Envision this: The year is 1999, and Sony unveils a captivating device that's essentially a spitting image of the Dreamcast VMU. The PocketStation. A dinky little number that would be released initially in two colours, white and transparent.
It was quite popular in Japan too, especially with a retail price of just 2,000 yen (about $20).
"PocketStation mania has hit Japan. Literally. Sony's new PlayStation-compatible PDA officially went on sale across the country on January 23, but even the most persistent shoppers have been hard-pressed to land one of the devices for their very own." - IGN
Back in the '90s and early 2000s, Japan was regarded as a hub for cool handheld gadgets. I guess that's still true today, but in the '90s, Japan was like a paradise for handheld tech.
It's for this reason, plus the original PlayStation's general popularity, that the Sony PocketStation quickly sold out. The Japanese public couldn't get enough of this diminutive PlayStation offering.
There were frequent episodes of widespread panic, extended lines, and Sony making announcements to reassure people that they were working hard to meet the high demand. The initial 60,000 units just weren't enough.
Regardless, no matter how Sony eased the Japanese public, there was a certain reality that Sony struggled to keep up with the demand. It was an unexpected hit, something that Sony hadn't prepared for.
"SCEI released its PocketStation last weekend, and the peripheral sold out instantly from retailers and now can't be found anywhere." - Yutaka Ohbuchi, Gamespot
Here was Sony with a certified hit on its hands. The PocketStation's popularity was plain to see, so presumably Sony would want to release it globally, right?
Why Didn't it Go Worldwide?
Well, for one, the Japanese market is vastly different from any other market, especially the EU and US markets. There's no reason to believe the popularity of the device would translate elsewhere.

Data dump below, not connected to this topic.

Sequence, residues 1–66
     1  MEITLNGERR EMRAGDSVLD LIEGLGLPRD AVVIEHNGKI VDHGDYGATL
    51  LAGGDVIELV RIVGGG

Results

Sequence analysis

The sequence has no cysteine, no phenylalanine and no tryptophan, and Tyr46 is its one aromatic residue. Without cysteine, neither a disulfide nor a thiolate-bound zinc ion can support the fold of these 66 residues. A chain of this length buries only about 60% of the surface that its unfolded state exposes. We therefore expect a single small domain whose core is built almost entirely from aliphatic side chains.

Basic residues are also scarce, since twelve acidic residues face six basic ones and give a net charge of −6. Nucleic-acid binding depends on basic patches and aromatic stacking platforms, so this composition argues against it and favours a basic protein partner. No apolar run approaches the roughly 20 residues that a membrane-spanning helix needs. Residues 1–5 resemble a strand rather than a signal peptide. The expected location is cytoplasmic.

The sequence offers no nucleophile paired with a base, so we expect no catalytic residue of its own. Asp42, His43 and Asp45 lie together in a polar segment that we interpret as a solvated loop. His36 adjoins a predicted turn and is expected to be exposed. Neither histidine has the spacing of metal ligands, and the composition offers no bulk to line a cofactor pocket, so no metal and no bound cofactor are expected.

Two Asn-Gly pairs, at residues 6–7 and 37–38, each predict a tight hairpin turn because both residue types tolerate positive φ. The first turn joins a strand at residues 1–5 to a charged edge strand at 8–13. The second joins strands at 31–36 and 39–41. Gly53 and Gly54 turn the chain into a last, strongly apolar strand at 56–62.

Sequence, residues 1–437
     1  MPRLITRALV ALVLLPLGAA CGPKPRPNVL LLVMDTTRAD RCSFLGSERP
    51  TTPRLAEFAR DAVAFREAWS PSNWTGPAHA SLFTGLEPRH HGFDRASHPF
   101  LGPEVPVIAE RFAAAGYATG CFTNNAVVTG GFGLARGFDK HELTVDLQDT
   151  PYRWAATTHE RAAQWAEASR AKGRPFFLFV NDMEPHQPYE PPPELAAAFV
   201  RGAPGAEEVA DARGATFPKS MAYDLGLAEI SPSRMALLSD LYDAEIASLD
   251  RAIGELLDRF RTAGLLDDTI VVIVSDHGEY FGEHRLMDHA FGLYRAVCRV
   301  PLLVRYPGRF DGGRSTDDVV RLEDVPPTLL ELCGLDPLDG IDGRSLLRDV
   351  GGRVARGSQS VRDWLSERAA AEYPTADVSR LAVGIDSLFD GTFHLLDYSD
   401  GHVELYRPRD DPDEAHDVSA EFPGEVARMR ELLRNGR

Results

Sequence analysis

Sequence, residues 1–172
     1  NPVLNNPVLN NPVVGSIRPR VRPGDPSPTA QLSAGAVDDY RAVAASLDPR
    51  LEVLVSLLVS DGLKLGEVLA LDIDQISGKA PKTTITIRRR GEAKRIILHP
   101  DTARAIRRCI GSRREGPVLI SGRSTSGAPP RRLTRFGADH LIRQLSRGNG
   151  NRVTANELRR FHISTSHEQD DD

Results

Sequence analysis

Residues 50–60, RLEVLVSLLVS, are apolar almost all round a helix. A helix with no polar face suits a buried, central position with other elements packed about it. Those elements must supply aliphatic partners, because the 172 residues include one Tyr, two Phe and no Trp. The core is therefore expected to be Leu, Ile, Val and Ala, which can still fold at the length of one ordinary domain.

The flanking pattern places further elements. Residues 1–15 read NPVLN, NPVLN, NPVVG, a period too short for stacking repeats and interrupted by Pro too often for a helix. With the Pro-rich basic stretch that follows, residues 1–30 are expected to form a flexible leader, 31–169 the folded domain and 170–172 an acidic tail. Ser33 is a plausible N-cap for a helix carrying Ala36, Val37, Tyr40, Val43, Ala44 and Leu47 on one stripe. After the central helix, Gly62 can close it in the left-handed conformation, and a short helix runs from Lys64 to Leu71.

Something I imagine Sony was conscious of, even if they did plan to release outside of Japan. Alas, the PocketStation was cancelled before global plans even got off the ground, with Sony citing further production issues.
If they faced challenges in the Japanese market, meeting demand elsewhere would probably be tough. On the flip side, if the device didn't have much appeal beyond Japan, there might be a surplus of unsold units.
It essentially boils down to being a risky release for Sony, something too unpalatable, especially with the winding down of the PlayStation to make way for the PlayStation 2.
We don't know the details, and likely never will, but it would seem like the PocketStation just wasn't worth the additional logistical issues that would come with a global release.
It seems then there was some truth to the initial struggle to meet demand in Japan.
I'd also suggest the PocketStation came too late, even released at the beginning of 1999. Why? Japanese phone culture in the late 90s was exploding. This would continue well into the 2000s as phones became more technically impressive.
It wouldn't be long until gaming on phones became popular in Japan. Not to mention that the Gameboy Color was selling well for Nintendo, with the Gameboy Advance not too far off.
Sure, the PocketStation sold well, but it was a niche product designed around an ecosystem that would soon be obsolete.
And there you have it, the tale of the Sony PocketStation – a compact powerhouse that etched its mark in the gaming world, even though its dreams of a global conquest didn't quite materialise.
In my humble opinion, this is Teiyu Goto's best work by far.
He really nailed the aesthetic with this one, and for that reason, the PocketStation will always have a special place in my heart.